The ASP.NET MVC framework maps URLs to classes that are referred to as controllers. Controller classes process incoming requests, handle user input and interactions, and execute appropriate application logic. A controller class typically calls a separate view component to generate the HTML markup for the request.

A controller class must implement the System.Web.MVC.IController interface. All public methods are exposed as Actions. If you have a method that should not be exposed as an Action, it needs to be marked with the NonActionAttribute attribute.


The View component is responsible for the visual presentation layer in the application. By default, the MVC framework allows using the existing ASP.NET page (.aspx), master page (.master), and user control (.ascx) types for this purpose. When a request is made, first the controller class is selected and the action is determined. The action method along with the incoming parameter value is used to execute business layer code and select a view that renders a response to the user by calling the RenderView method Views should not contain any business logic implementation or data retrieval code.


Model objects are the components that encapsulate business logic and typically handle the path between the database and View component. Model classes are typically stored in the Models subdirectory in the application. Model objects are instantiated by the Controller class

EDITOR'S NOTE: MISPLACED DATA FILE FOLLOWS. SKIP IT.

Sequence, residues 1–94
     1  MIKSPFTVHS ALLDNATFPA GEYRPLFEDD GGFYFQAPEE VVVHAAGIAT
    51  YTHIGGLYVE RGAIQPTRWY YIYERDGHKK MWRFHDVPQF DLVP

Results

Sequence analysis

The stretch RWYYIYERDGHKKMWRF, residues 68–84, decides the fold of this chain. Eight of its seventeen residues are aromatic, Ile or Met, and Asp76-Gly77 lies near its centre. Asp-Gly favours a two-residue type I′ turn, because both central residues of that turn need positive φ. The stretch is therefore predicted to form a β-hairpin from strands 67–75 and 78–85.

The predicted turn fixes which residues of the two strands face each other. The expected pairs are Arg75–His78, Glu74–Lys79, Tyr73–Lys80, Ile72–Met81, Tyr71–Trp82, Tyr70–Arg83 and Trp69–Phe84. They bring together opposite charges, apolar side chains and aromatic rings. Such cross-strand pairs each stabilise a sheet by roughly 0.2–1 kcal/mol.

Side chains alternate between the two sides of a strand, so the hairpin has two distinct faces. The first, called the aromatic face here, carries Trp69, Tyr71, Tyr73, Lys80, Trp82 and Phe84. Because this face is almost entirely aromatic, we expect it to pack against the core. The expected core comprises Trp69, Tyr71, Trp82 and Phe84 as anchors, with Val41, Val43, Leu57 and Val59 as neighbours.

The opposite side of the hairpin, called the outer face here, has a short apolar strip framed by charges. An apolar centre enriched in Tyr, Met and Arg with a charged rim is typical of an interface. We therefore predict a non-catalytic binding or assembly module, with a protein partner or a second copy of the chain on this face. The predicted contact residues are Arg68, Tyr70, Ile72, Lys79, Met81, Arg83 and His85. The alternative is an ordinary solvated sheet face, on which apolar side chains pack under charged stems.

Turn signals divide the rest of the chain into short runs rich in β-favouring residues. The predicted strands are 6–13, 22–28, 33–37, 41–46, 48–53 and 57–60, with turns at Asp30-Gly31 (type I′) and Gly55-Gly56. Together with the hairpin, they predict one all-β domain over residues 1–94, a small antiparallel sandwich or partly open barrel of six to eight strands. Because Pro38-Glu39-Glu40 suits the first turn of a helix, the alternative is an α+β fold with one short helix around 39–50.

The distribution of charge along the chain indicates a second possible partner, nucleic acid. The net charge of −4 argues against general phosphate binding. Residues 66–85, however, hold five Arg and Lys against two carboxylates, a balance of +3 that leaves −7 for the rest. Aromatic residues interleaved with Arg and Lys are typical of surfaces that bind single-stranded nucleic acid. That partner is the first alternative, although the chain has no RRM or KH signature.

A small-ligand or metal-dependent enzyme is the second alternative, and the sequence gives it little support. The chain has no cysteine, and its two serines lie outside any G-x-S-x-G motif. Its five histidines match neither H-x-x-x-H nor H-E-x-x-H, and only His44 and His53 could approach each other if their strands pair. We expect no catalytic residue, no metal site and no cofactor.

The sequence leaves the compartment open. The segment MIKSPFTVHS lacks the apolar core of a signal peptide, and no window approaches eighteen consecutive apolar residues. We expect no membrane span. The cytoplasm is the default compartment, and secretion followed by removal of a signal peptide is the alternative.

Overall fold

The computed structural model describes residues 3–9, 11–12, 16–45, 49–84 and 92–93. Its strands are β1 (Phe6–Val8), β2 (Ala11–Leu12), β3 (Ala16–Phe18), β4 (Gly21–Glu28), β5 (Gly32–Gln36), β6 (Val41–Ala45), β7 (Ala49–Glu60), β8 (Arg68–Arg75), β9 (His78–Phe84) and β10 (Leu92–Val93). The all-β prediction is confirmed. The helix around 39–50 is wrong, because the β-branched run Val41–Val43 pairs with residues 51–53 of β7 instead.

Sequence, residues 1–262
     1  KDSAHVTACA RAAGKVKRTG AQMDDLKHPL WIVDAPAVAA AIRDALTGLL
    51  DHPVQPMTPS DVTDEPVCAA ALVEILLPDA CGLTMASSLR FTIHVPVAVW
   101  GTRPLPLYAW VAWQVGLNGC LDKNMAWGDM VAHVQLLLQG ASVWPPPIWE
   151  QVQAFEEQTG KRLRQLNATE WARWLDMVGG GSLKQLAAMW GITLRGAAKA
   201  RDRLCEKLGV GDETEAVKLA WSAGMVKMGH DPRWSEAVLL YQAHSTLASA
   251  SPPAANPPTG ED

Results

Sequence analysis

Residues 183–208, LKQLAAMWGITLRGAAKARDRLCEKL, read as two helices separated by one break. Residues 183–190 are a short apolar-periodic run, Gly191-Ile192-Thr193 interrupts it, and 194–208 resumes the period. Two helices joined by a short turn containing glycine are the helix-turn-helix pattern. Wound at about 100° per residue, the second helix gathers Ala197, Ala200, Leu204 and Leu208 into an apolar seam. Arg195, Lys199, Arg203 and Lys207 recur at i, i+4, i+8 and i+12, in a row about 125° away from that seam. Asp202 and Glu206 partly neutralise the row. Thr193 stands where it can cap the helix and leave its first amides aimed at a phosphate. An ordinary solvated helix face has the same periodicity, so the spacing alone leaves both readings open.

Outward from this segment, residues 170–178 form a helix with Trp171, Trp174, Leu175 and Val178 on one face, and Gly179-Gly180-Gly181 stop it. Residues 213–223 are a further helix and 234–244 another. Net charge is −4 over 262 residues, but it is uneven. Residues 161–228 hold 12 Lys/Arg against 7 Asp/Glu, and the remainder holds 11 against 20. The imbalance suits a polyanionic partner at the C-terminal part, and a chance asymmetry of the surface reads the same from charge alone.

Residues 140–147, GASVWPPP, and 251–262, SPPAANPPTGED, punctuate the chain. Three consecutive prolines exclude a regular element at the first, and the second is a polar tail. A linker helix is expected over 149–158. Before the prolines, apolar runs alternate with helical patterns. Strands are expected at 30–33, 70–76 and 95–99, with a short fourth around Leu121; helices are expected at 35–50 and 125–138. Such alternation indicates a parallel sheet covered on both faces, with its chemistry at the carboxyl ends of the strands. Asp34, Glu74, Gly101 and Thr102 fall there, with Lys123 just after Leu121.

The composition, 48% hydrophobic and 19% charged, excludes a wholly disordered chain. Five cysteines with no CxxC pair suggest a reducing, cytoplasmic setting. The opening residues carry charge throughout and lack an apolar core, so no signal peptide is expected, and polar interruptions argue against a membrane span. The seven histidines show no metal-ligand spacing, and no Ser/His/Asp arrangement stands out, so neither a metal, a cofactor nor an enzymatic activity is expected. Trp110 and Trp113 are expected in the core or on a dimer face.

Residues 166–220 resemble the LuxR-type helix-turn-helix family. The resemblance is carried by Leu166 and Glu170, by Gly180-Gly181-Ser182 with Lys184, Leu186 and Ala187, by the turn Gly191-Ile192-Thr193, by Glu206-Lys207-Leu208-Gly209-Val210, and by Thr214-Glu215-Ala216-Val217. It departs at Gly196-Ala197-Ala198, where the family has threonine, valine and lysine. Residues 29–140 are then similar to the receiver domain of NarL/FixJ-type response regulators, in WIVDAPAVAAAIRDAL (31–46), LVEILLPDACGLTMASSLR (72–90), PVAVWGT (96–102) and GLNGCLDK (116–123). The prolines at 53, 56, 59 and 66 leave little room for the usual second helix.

Advantages of the MVC Framework
  • Extensible, plug and play architecture - the components of the application are inherently compartmentalized making it easier to replace a component.
  • Enables the application to be "testable" and lends to the Test-Driven-development model.
  • URL mapping framework results in user-friendly URLs without the file-name extension required. Search Engine Optimization.
  • Supports majority of the ASP.Net features and allows using markup in existing ASP.Net pages/user controls/master pages
  • Viewstate is not provided by the framework.
  • Learning curve
When would I use it?

Not all the time. Not a direct replacement for web forms
  • If you have no viewstate requirements or very little viewstate.
  • If you need user-friendly URLs
  • If you need to establish Search-engine optimization
  • E.g. Product Catalog, People Search


In this article we explored the core concepts in the MVC Framework. We have seen the various components and architecture involved in MVC applications and areas where the MVC framework would be a natural selection. With a multitude of technologies available, it may not be possible to have a hands-on for every technology being released but it helps to be in the know regarding the various options available so you can make the right choice at the right time. If you feel the MVC framework is an apt choice for your solution, the next step would be to try out sample applications using the MVC framework.